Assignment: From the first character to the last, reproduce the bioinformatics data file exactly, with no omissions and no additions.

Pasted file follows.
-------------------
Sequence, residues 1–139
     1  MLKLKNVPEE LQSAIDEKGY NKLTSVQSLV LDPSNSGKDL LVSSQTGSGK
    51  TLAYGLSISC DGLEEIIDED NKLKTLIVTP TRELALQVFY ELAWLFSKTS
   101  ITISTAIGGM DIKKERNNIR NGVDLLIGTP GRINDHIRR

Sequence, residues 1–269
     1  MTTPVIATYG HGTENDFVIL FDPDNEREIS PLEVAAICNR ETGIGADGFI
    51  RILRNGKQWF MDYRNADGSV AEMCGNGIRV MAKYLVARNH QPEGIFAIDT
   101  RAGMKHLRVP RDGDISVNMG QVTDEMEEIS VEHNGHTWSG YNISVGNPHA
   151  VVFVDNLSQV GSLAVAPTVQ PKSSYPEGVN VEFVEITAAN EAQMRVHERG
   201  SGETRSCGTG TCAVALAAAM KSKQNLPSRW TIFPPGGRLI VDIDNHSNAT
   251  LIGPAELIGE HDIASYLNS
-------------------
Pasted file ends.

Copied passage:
Sequence, residues 1–139
     1  MLKLKNVPEE LQSAIDEKGY NKLTSVQSLV LDPSNSGKDL LVSSQTGSGK
    51  TLAYGLSISC DGLEEIIDED NKLKTLIVTP TRELALQVFY ELAWLFSKTS
   101  ITISTAIGGM DIKKERNNIR NGVDLLIGTP GRINDHIRR

Sequence, residues 1–269
     1  MTTPVIATYG HGTENDFVIL FDPDNEREIS PLEVAAICNR ETGIGADGFI
    51  RILRNGKQWF MDYRNADGSV AEMCGNGIRV MAKYLVARNH QPEGIFAIDT
   101  RAGMKHLRVP RDGDISVNMG QVTDEMEEIS VEHNGHTWSG YNISVGNPHA
   151  VVFVDNLSQV GSLAVAPTVQ PKSSYPEGVN VEFVEITAAN EAQMRVHERG
   201  SGETRSCGTG TCAVALAAAM KSKQNLPSRW TIFPPGGRLI VDIDNHSNAT
   251  LIGPAELIGE HDIASYLNS